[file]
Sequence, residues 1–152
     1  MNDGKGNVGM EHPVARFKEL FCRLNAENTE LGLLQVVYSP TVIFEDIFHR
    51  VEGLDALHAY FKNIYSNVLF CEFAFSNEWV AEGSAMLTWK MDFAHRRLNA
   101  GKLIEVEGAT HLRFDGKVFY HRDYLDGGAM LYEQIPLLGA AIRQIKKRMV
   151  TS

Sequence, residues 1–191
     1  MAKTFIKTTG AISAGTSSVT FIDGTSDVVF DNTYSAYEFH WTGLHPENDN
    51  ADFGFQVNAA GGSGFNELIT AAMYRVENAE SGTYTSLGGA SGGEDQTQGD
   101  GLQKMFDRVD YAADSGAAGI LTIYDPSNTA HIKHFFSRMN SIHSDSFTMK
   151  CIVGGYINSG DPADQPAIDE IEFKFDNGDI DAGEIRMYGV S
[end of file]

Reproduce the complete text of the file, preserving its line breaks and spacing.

Sequence, residues 1–152
     1  MNDGKGNVGM EHPVARFKEL FCRLNAENTE LGLLQVVYSP TVIFEDIFHR
    51  VEGLDALHAY FKNIYSNVLF CEFAFSNEWV AEGSAMLTWK MDFAHRRLNA
   101  GKLIEVEGAT HLRFDGKVFY HRDYLDGGAM LYEQIPLLGA AIRQIKKRMV
   151  TS

Sequence, residues 1–191
     1  MAKTFIKTTG AISAGTSSVT FIDGTSDVVF DNTYSAYEFH WTGLHPENDN
    51  ADFGFQVNAA GGSGFNELIT AAMYRVENAE SGTYTSLGGA SGGEDQTQGD
   101  GLQKMFDRVD YAADSGAAGI LTIYDPSNTA HIKHFFSRMN SIHSDSFTMK
   151  CIVGGYINSG DPADQPAIDE IEFKFDNGDI DAGEIRMYGV S